Saturday, January 24, 2015


I wrote this blog post for the Daughters of Promise magazine and wanted to share it here in case any of you had questions.

I was first introduced to kombucha from a guy I worked with. He kindly gave me a scoby and a list of instructions on how to make it. I remember reading the list over and over making sure I did every step just right so I wouldn't kill my prized scoby. The first months of kombucha brewing were rough. It either tasted like bad sweet tea or vinegar. But then, one day, I hit it just right, and my life hasn't been the same since. It was smooth, fizzy, and a little sweet. I poured it over a glass of ice and the fizz rose along with my confidence. We now drink kombucha in place of sweet tea with our meals. 

Brewed kombucha ready to drink.

Kombucha is a bit like friendship bread, the mother 'scoby' grows with each brew and can be peeled off to share with friends. 

The world wide web is filled with many ways to brew kombucha. You just have to start and find which way works best for you. I do not claim to be an expert on the matter, but I will share with you the way that works best for me.

Here is my recipe. 


1 scoby
1 gallon Lipton tea bag or 8 tea bags
1 1/2 cups regular sugar
ice cubes
1 1/2 cups starter tea, saved from previous brew
1 gallon pitcher

1 gallon glass jar 
plastic funnel
snap cap bottles
Two kombucha no no's; 1. Never use metal utensils. 2. Don't wash kombucha equipment or your hands with anti-bacterial soap. It can harm your kombucha.
To start you will need a scoby. A scoby is the living home for the bacteria and yeast that ferments your tea. You can purchase one online or buy raw kombucha and grow one yourself. Just pour a cup or so in the jar and cover with a loose cloth, then set it in a dark place for a week or so until a scoby forms on the top.

 This is what a healthy scoby looks like.

Okay now that you have your 'scoby' it really is a simple process. It's just like brewing sweet tea! I do know if you do not brew your tea well, it does make a difference on how your kombucha tastes. Bad tea, bad kombucha.

Here is how I brew my tea.

Boil water in 1.5 qt. saucepan, then remove it from the heat and add one gallon size Lipton tea bag. Push the bag down to make sure its covered in water, cover and let it steep for 10-15 minutes. I like my tea strong. 

Scoop 1 1/2 cups of sugar into pitcher and add three handfuls of ice cubes on top. Then pour your steeped tea over the ice. I have found pouring tea over ice makes better tea. Stir well until sugar is dissolved. Then fill up the pitcher with warm water so you don't have to wait until your tea is room temperature. This may seem like a lot of sugar but the sugar is what ferments and by the time it's done brewing the sugar sweetness reduces. The longer you brew your tea the more the sugar minimizes.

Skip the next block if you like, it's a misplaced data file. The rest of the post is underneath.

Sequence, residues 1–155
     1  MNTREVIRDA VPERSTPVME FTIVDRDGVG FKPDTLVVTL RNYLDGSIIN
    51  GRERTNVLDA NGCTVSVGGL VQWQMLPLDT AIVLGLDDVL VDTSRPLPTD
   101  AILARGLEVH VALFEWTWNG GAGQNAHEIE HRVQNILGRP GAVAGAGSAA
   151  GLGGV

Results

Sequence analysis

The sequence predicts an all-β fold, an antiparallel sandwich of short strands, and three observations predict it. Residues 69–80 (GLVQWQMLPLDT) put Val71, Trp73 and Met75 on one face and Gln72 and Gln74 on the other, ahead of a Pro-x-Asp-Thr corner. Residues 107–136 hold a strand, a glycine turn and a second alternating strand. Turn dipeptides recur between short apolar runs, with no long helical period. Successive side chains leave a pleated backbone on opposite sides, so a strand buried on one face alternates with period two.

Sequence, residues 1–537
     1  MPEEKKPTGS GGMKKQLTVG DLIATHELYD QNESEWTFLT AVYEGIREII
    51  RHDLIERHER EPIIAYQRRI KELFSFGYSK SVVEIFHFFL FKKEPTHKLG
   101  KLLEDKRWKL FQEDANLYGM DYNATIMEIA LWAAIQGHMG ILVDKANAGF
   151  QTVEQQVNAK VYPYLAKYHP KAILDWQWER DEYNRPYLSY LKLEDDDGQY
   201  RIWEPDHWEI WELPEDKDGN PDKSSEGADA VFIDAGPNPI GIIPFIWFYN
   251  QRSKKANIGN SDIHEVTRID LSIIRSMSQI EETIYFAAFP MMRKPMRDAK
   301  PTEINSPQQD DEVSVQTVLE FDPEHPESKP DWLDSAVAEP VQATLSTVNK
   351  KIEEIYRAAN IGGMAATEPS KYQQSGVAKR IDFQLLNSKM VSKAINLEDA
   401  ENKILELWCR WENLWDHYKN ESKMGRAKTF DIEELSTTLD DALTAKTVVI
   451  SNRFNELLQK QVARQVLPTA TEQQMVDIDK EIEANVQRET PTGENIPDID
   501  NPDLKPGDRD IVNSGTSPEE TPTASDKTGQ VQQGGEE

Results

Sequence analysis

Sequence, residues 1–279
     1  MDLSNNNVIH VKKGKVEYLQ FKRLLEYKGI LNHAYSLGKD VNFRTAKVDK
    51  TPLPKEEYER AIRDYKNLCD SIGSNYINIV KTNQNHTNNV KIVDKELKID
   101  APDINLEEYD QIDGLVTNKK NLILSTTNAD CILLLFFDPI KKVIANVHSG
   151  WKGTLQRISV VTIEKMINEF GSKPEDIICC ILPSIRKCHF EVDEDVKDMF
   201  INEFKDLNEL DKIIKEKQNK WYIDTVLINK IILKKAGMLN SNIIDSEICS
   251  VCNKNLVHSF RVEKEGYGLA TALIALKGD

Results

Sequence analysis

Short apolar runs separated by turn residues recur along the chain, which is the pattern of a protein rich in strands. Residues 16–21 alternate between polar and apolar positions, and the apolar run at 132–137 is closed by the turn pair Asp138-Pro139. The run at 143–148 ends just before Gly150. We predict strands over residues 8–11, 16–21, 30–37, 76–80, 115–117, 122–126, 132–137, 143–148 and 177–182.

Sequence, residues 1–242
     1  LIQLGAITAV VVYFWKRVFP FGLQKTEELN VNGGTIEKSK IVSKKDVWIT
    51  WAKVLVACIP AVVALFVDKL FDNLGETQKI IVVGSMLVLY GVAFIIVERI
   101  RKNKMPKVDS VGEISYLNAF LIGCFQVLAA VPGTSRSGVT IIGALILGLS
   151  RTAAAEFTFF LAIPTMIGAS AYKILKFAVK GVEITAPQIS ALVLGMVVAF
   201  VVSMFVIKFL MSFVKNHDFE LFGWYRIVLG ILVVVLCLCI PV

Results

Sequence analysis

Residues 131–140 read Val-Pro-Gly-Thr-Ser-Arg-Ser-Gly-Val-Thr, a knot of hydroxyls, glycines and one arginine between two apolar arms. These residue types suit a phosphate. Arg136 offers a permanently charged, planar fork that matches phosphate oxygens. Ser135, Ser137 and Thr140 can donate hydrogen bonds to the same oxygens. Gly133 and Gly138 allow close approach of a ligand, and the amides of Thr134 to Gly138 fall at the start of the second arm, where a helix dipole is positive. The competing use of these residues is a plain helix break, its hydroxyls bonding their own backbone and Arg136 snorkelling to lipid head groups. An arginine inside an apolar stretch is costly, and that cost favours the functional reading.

Pour your brewed tea into your glass jar and place your scoby on top. Cover your jar with a cloth and place in a dark place. When fruit flies are in season cover tightly with a rubber band. Since you have no starter tea the first batch will take 5-7 days. A regular brew with starter tea takes 3 days. On the fifth day start tasting it to see how it's coming. It will start to lighten in color. I can't write how its supposed to taste. That is something you will learn with time. Some folks like it strong and more vinegar like, I like it smooth with only a teeny tiny bite at the end.

 Brewed and ready for bottling.

Now that your Kombucha is brewed it's time for bottling. If you want fizz you need to have a bottle that seals well. I love these snap cap bottles I purchased from my mother-in-laws kitchen store, The Kitchen Kupboard. 

With a funnel add 1/2 tsp. sugar to your bottles. This helps feed the yeast so carbonation can be made. This is called the second fermentation. Some folks flavor theirs with fruit on the second ferment. The fruit has natural sugar so you won't need to put any sugar in it. I like plain kombucha the best but if you want to flavor yours, the sky is the limit. Remember to save 1 1/2 cups of starter tea for your next brew. Brew your next batch while you are bottling your previous batch. I have tried letting my starter tea set with my scoby a couple of days until I brewed the next batch and it does not work. The starter tea becomes too strong and makes your next batch taste like vinegar.